In 2022, the Trevor Project conducted a national survey of nearly 34,000 LGBTQ youth between the ages of 13 and 24. It found that 45% of LGBTQ youth in Colorado seriously considered suicide in the past year, including 52% of transgender and nonbinary youth. 

“LGBTQ young people are not inherently prone to suicide risk because of their sexual orientation or gender identity, but rather placed at higher risk because of how they are mistreated and stigmatized in society,” the survey states.

Transgender and nonbinary youth in Colorado also reported higher rates of anxiety and depression, at 79% and 66% respectively. 

However, 60% of LGBTQ youth in Colorado who wanted mental health care in the past year were unable to get it, according to the Trevor Project’s survey. 

The top reasons for this include being afraid to talk about their mental health, fearing not being taken seriously, being unable to afford services and not wanting to get parental permission, per the survey. 

Several advocates mentioned location can be a barrier as well, explaining many people living in rural areas have difficulty accessing gender-affirming care. 

On top of that, advocates discussed challenges to providing gender-affirming care such as limited training opportunities, a lack of diversity among therapists and regulatory issues that limit therapists’ ability to serve clients. 

Limited training opportunities

Owen of Transgender Center of the Rockies explained mental health professionals typically have to seek out their own training for offering gender-affirming care.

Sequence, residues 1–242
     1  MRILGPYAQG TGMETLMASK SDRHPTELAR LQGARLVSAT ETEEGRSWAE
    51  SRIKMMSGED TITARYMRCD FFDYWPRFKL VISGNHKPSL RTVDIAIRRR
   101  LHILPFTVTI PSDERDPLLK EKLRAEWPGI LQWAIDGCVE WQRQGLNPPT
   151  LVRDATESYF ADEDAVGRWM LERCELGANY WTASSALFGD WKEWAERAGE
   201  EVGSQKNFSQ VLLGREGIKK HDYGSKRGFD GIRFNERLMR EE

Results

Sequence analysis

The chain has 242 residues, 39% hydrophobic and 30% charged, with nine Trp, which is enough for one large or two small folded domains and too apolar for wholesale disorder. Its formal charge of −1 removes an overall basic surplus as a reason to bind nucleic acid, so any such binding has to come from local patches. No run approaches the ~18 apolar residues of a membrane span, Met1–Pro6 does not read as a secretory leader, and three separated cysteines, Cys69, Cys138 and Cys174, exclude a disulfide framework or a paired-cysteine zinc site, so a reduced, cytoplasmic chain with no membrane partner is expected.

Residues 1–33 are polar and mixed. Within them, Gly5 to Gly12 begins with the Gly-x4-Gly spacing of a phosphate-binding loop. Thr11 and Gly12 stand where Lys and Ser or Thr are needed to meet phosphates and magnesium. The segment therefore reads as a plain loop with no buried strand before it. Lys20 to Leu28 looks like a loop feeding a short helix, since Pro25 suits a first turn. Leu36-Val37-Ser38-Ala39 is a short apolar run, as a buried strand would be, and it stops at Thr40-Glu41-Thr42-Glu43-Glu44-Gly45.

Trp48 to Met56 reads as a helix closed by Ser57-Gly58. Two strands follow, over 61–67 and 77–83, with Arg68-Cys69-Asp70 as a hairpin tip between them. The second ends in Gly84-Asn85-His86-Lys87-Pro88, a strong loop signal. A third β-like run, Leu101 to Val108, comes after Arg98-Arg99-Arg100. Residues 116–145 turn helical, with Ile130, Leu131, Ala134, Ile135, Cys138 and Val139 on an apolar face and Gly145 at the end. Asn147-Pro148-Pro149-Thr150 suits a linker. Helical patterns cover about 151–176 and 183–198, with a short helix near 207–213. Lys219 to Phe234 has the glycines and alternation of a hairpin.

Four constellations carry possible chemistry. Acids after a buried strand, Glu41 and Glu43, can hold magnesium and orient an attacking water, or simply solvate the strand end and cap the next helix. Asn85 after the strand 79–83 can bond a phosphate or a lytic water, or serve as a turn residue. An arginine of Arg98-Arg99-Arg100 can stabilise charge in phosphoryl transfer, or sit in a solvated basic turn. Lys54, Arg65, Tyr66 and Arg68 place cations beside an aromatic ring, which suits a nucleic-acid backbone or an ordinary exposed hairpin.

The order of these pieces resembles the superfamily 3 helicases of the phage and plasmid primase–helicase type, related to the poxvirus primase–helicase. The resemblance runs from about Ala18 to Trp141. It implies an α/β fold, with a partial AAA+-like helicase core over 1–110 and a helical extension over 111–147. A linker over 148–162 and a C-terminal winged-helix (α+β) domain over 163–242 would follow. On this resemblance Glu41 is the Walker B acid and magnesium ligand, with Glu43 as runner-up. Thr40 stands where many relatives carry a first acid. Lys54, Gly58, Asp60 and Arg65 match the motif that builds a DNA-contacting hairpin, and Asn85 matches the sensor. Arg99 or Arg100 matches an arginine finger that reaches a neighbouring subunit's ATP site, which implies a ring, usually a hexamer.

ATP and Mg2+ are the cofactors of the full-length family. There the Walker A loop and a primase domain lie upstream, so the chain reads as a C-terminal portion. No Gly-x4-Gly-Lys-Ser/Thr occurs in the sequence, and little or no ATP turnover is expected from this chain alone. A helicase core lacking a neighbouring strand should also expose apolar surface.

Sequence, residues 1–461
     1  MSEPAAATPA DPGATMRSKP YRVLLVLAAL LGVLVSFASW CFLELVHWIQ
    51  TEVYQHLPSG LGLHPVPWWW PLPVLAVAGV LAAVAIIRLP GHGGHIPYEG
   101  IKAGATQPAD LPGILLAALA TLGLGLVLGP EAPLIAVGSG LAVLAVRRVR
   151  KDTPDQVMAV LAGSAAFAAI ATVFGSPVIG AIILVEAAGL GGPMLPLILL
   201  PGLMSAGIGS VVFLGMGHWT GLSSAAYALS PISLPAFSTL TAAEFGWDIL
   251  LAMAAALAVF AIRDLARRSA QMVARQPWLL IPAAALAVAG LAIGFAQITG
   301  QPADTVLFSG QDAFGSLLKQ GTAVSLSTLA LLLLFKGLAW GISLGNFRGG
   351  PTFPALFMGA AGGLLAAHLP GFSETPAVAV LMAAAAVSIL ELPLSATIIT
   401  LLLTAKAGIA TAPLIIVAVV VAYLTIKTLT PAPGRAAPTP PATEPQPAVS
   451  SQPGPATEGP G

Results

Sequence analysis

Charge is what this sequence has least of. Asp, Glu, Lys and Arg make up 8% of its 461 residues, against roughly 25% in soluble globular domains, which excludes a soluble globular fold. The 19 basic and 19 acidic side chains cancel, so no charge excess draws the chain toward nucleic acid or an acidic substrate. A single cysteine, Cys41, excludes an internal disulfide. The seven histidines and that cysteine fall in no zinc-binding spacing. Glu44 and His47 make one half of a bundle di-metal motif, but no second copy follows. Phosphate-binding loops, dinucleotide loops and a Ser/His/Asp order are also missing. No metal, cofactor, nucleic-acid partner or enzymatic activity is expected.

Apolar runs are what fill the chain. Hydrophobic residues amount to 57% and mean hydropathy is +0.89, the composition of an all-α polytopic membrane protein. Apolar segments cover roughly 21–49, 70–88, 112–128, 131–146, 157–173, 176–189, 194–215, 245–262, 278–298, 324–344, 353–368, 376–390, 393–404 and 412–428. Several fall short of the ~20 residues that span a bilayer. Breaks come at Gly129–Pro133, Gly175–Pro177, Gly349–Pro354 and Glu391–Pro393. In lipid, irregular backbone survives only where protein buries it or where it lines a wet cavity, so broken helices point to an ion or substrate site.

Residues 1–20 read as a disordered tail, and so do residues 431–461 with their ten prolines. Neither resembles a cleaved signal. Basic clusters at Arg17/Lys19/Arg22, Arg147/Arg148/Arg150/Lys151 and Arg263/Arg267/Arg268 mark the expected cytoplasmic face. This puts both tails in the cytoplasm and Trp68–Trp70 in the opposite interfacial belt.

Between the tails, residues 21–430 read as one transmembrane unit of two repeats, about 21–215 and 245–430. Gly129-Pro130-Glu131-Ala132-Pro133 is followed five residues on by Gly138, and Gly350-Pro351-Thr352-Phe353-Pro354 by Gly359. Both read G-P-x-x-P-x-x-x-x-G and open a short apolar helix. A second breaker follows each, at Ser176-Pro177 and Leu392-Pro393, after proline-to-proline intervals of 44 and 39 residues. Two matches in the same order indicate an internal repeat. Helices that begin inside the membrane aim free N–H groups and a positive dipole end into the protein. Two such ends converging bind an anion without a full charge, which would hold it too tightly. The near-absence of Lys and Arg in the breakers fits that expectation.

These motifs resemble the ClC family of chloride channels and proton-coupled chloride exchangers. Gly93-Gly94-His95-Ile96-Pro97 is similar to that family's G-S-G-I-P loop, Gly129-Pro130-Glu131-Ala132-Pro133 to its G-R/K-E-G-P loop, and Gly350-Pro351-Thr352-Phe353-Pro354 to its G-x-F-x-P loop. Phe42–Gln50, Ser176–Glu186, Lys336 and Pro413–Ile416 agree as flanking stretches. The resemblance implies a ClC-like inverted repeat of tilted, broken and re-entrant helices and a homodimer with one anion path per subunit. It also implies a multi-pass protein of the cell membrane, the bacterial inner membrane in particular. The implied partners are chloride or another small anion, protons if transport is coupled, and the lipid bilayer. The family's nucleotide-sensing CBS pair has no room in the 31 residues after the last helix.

“I think that really needs to happen in schools and training programs, graduate programs, medical schools throughout the state of Colorado, in the country,” Owen said. “Maybe it’s a little elective somewhere that you can take, but it’s not a robust part of the curriculum and it really does need to be in this day and age.”  

Building on Owen’s point, Jae of YouthSeen said such training should be a part of becoming licensed.

Crow said he thinks there may be an opportunity to incorporate such training at the University of Colorado’s medical school. 

“I’d be happy to go to them with this and maybe see if there’s a collaboration opportunity — say, ‘Let’s, you know, add this into the curriculum as well,’” Crow said. 

Diversifying the field and regulatory challenges

According to the American Psychological Association, 84.47% of active psychologists in 2020 were White compared to 6.18% who were Hispanic, 4.24% who were Black and 3.22% who were Asian. 

“We know that our workforce in Colorado isn’t diverse enough,” said Haden of Envision:You. “So, how are we developing a future workforce that represents the identities of the people that live in our communities?”

In addition to his work with Envision:You, Haden said he works as a mental health therapist for a small practice that primarily serves queer clients. Last year, the practice had a year-long waitlist.

“Poor folks (and) communities of color are not getting appropriate care. And so what happens is people quickly disengage from services, so while they have greater needs, the pool of people that are best equipped to serve them is much smaller,” Haden said, explaining the higher rates of suicidality is partly because people can’t get the help they need.